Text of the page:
I haven't bred hissers, but it is usually a bit harder to get a colony up and going rather than getting overrun with nymphs, my lobsters haven't even outgrown their 20 quart container and I've had them for about a year now. lol Even if you just got loaded with nymphs, hissers can do still do well with a population of a few hundred individuals in a moderately sized enclosure given that there are plenty of hides.

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21 minutes ago, All About Insects said:

I haven't bred hissers, but it is usually a bit harder to get a colony up and going rather than getting overrun with nymphs, my lobsters haven't even outgrown their 20 quart container and I've had them for about a year now. lol Even if you just got loaded with nymphs, hissers can do still do well with a population of a few hundred individuals in a moderately sized enclosure given that there are plenty of hides.

Yeah, but what do you do with them once you start a colony and they steadily reproduce..sell them?

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1 hour ago, lbrit17 said:

Yeah, but what do you do with them once you start a colony and they steadily reproduce..sell them?

Or trade them, whichever you prefer. :) 

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On 6/13/2017 at 1:39 PM, All About Insects said:

I haven't bred hissers, but it is usually a bit harder to get a colony up and going rather than getting overrun with nymphs, my lobsters haven't even outgrown their 20 quart container and I've had them for about a year now. lol Even if you just got loaded with nymphs, hissers can do still do well with a population of a few hundred individuals in a moderately sized enclosure given that there are plenty of hides.

Hahahah.... Hissers are CRAZY reproductive once they get going, maybe a little slow growing as nymphs, but the females have big litters, and have them often, so once they get breeding you can very easily get overrun, especially since they are big and take up a lot of room.

On 6/13/2017 at 2:01 PM, lbrit17 said:

Yeah, but what do you do with them once you start a colony and they steadily reproduce..sell them?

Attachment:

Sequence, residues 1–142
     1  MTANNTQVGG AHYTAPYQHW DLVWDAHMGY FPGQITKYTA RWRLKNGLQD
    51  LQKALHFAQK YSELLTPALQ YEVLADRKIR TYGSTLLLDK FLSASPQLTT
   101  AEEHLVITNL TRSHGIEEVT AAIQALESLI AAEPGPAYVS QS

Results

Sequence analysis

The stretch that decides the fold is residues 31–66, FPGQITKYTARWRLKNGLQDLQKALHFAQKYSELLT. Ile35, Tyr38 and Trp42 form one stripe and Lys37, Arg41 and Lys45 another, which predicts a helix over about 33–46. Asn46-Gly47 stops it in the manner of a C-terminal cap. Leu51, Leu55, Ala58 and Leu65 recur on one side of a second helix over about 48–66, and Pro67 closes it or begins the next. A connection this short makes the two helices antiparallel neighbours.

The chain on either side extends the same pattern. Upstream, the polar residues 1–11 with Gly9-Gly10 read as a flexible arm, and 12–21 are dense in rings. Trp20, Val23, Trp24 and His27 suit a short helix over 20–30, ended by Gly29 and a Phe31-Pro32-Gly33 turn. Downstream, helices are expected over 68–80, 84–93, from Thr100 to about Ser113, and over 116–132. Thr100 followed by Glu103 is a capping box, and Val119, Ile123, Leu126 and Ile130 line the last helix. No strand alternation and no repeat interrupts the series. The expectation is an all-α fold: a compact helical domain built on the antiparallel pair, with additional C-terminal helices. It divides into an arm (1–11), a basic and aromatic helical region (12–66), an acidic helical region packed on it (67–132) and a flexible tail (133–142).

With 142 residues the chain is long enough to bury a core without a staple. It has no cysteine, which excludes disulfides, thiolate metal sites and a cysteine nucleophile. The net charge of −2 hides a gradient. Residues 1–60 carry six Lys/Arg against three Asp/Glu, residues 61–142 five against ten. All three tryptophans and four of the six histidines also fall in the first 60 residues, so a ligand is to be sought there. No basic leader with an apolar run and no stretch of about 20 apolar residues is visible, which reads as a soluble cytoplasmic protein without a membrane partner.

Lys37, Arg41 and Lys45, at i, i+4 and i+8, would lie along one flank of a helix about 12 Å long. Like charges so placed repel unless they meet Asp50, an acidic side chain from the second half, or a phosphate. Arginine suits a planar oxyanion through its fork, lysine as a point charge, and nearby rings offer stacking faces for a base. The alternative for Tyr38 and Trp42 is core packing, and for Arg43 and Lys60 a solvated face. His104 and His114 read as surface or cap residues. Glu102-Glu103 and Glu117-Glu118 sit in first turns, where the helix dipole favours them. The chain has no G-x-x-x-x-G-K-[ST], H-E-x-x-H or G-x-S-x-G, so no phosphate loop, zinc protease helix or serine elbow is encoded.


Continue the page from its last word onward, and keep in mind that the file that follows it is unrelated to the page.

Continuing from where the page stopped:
The thing is, the market for run of the mill hissers is so saturated, it's hard to find people interested in buying a whole bunch. My advice would be to sell large lots of nymphs as feeders, either locally or online.

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On ‎6‎/‎14‎/‎2017 at 6:01 PM, Hisserdude said:

Hahahah.... Hissers are CRAZY reproductive once they get going, maybe a little slow growing as nymphs, but the females have big litters, and have them often, so once they get breeding you can very easily get overrun, especially since they are big and take up a lot of room.

Goes to show you I've never bred them. :P I'm very glad to hear that though since my Gromphadorhina sp. "Princisia vanwaerebecki" and Elliptorhina laevigata are close to maturing! :) 

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7 minutes ago, All About Insects said:

Goes to show you I've never bred them. :P I'm very glad to hear that though since my Gromphadorhina sp. "Princisia vanwaerebecki" and Elliptorhina laevigata are close to maturing! :) 

Nice, you'll likely have tons of them in no time! (Or at least you'll have tons of the "Princisia", not sure how prolific the E.laevigata are though).

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27 minutes ago, Hisserdude said:

Nice, you'll likely have tons of them in no time! (Or at least you'll have tons of the "Princisia", not sure how prolific the E.laevigata are though).

I was offered some more E.laevigata for free if I wanted them since my friend's colony was overrun, they also seem to be pretty prolific. ;) 

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My bearded dragon loves to help me with my extra E. javanica. So do my tarantulas, African toads, my nieces gecko, my other nieces bearded dragons, my fish and I still have them coming out my ears. I live in rural Ky and have had little luck selling them. I turned off the heat a while back.

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5 hours ago, All About Insects said:

I was offered some more E.laevigata for free if I wanted them since my friend's colony was overrun, they also seem to be pretty prolific. ;) 

Cool, glad they are prolific! :) Hopefully they won't get so close to being lost from culture again!